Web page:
The Department of Veterans Affairs failed to send benefit packages to nearly 37,000 National Guard and Reserve members who fought in Iraq and Afghanistan because it mistakenly thought they were ineligible.
Several senators raised the discovery Wednesday, detailed in a report by the VA's Office of Inspector General, as the Senate Veterans' Affairs Committee held a hearing on whether Guard and Reserve members are being adequately informed of the benefits that are available to them.
“While the VA has targeted outreach programs in place to help service members, we still miss far too many veterans who need help and aren't aware of the services and benefits they have earned,” said Sen. Patty Murray, D-Wash., a senior member of the committee.
Murray and others have long criticized the VA and the Defense Department as not doing enough to ensure that the more than 488,000 members of the National Guard and Reserves who've been mobilized and deployed are notified of and receive the benefits they're entitled to.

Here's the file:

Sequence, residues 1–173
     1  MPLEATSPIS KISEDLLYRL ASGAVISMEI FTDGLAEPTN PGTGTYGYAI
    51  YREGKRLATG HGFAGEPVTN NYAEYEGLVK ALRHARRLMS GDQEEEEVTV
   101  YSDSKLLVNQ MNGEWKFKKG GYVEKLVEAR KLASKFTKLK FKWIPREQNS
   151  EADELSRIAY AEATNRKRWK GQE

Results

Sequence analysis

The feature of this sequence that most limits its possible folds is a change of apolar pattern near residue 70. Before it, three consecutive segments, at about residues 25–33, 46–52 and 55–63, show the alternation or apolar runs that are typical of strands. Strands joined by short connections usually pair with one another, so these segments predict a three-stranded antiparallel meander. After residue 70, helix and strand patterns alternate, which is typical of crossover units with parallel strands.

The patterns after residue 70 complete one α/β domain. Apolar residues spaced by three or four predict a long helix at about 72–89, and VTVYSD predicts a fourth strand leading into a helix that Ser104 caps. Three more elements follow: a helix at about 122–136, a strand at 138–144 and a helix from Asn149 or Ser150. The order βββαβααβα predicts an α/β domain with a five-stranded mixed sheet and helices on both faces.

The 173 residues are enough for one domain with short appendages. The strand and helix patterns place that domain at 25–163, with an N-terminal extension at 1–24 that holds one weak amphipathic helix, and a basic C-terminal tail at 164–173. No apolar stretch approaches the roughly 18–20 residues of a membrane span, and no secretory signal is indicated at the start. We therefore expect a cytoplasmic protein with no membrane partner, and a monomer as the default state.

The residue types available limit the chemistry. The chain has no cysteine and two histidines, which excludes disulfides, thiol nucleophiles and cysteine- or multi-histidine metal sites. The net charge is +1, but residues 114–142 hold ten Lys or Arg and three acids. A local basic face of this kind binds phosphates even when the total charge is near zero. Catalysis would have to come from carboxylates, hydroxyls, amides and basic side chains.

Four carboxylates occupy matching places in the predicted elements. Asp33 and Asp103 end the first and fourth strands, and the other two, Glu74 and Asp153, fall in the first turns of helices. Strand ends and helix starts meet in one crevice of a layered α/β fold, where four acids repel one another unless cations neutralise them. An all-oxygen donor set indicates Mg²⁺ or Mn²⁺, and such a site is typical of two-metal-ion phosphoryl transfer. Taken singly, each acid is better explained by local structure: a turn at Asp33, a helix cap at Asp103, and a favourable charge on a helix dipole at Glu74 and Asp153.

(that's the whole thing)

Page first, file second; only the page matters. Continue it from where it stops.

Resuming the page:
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VA and Pentagon officials defended their efforts and said that improvements have been made.
Murray said a recent Pentagon study found that National Guard members who served in Iraq and Afghanistan were 25 percent more likely to suffer from combat-related psychological problems than active-duty soldiers who've been deployed.
In addition, Guard and Reserve members are twice as likely to have their VA claims denied as active-duty service members are, she said.